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June 10, 2011 9:54 pm

It’s easy to spot a case of appendicitis ... except when it isn’t

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Before illness became complicated, with multiple drug resistant staphylococci and cerebral vasculitis, there were diseases and conditions that were familiar to everyone. Appendicitis, though hard to spell, is one of the commonest surgical diagnoses: it is easy to understand what is wrong, and to know what to do about it. It traditionally follows a straightforward script. Patient: “I have a terrible pain in my stomach!”; Doctor: “We’re going to have to operate!” – anaesthetic – rummaging – and the patient comes round to be presented with something pink floating in a jam jar (see also tonsillitis).

Appendicitis often does evolve along such predictable lines. The typical pain of appendicitis behaves in a very characteristic manner.

It starts in the middle of the abdomen, although it is hard for the patient to say exactly where the pain is worst. Most of our deep organs, including our intestines, are not innervated in a way that allows us to interpret their signals so precisely – I can’t identify a problem emanating from the “tail of my pancreas” or “the middle of my liver”.

Within a few hours, the pain moves, or “localises”, to the lower right-hand side of the abdomen. This tells you that the condition is progressing. The appendix is a little projection, like a small cocktail sausage, arising from the beginning of your colon. At first just the sausage itself becomes inflamed; then the inflammation spreads, irritating the adjacent abdominal lining (the peritoneum). The nerve supply to the peritoneum sends signals that we find much easier to interpret: the pain is now worst in one particular spot, McBurney’s point. McBurney, an American surgeon, mapped the location of the appendix in the 1880s, having found “the seat of greatest pain, determined by the pressure of one finger”.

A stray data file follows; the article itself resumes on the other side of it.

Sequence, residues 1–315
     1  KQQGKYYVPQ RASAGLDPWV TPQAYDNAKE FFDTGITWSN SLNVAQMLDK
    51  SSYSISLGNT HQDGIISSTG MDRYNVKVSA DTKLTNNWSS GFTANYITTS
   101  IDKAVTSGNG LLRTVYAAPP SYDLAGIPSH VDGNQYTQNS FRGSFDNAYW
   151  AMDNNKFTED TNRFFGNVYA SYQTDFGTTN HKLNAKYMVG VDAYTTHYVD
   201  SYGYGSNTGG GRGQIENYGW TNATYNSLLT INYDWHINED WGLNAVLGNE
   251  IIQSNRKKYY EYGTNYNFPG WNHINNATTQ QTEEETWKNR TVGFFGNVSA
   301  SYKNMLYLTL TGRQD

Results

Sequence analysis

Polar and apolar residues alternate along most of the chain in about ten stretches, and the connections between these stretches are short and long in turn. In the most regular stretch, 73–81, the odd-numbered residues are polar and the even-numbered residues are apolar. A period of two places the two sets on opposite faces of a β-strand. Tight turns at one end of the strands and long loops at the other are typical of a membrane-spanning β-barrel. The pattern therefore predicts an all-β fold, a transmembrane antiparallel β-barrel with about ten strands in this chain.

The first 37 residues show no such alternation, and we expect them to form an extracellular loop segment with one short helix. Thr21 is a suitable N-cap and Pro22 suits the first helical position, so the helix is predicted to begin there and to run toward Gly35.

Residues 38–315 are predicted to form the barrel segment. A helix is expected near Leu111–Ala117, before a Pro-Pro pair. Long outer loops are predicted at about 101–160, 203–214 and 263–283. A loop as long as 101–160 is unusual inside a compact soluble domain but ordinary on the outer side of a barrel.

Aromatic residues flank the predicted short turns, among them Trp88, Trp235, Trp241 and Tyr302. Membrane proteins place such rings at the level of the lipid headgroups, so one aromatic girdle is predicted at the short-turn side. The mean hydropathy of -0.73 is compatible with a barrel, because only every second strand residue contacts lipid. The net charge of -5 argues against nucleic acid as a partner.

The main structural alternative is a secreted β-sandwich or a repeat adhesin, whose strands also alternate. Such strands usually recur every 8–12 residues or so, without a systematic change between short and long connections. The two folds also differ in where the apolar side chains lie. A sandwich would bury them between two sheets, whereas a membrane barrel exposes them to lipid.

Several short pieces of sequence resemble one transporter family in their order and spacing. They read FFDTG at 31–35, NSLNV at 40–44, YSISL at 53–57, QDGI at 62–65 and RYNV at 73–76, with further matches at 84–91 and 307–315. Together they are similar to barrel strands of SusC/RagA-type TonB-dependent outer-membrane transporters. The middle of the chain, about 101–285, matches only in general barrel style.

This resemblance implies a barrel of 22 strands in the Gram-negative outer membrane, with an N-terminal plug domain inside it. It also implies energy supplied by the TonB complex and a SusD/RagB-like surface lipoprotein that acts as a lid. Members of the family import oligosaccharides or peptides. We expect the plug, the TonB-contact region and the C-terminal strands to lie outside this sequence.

To find McBurney’s point: run your hands down your sides until you reach your hip bones, then edge along the top of them until you meet a bony knobble on each side: these are your anterior superior iliac spines, or ASIS. Imagine a line that runs from your umbilicus to your ASIS on the right; two-thirds the way along this line is the site of your appendix.

When appendicitis develops in such a typical fashion, history and examination are all you need for diagnosis. There is the characteristic pain, which is sometimes followed by vomiting. The patient may have a low-grade fever. They will almost always have lost their appetite. Simple tests can help if there is doubt: blood tests will probably show raised white cells or other markers of inflammation; a urine dipstick may show blood, if the ureter (which lies nearby) has been irritated.

But sometimes appendicitis departs from the script. Bodies vary anatomically, and the appendix can sit low down in the pelvis, or behind the colon, or – in the very rare case of situs inversus, where everything in the body is back-to-front – on the left, rather than the right. The elderly seem to experience pain differently, and children may not be able to tell you what they’re feeling. Women have ovaries, and a uterus, that can simulate the same pain; they usually need an ultrasound to help with diagnosis.

If you get appendicitis, you need it fixed. If the infection spreads or the appendix bursts it can lead to peritonitis, which can kill you. You need to go to theatre, as Winston Churchill did just before the 1922 general election, when he found himself “without an office, without a seat, without a party and without an appendix”. Even if your appendix looks fine, the surgeons will probably remove it, to avoid any ambiguity next time you get a stomach ache.

Sophie Harrison is a hospital doctor in South Yorkshire

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